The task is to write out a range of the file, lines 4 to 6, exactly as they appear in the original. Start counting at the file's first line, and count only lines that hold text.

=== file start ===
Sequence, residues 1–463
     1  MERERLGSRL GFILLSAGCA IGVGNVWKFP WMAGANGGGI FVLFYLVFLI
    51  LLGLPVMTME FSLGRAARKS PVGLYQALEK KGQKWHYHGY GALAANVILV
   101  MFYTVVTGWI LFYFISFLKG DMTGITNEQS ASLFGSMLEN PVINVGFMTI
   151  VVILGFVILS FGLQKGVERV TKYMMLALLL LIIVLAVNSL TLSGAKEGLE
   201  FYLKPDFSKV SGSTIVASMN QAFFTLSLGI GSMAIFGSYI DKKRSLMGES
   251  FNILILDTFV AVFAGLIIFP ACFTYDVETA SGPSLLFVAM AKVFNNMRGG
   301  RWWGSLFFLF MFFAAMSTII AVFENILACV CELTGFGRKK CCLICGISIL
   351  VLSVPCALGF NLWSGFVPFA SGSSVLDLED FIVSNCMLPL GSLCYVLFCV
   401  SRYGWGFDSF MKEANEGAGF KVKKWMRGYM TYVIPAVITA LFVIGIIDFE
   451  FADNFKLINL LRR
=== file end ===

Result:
   101  MFYTVVTGWI LFYFISFLKG DMTGITNEQS ASLFGSMLEN PVINVGFMTI
   151  VVILGFVILS FGLQKGVERV TKYMMLALLL LIIVLAVNSL TLSGAKEGLE
   201  FYLKPDFSKV SGSTIVASMN QAFFTLSLGI GSMAIFGSYI DKKRSLMGES